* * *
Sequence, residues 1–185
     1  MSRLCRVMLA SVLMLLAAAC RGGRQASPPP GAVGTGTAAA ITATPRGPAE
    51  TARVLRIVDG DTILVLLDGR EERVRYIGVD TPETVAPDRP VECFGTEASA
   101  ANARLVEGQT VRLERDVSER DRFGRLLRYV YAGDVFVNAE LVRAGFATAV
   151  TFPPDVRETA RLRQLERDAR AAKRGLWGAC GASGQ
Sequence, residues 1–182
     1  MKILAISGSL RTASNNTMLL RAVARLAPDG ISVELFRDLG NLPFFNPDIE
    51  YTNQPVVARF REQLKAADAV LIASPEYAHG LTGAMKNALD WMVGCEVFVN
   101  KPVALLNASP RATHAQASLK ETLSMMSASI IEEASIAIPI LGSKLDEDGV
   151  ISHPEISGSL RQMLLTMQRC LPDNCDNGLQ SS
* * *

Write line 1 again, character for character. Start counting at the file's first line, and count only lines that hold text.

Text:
Sequence, residues 1–185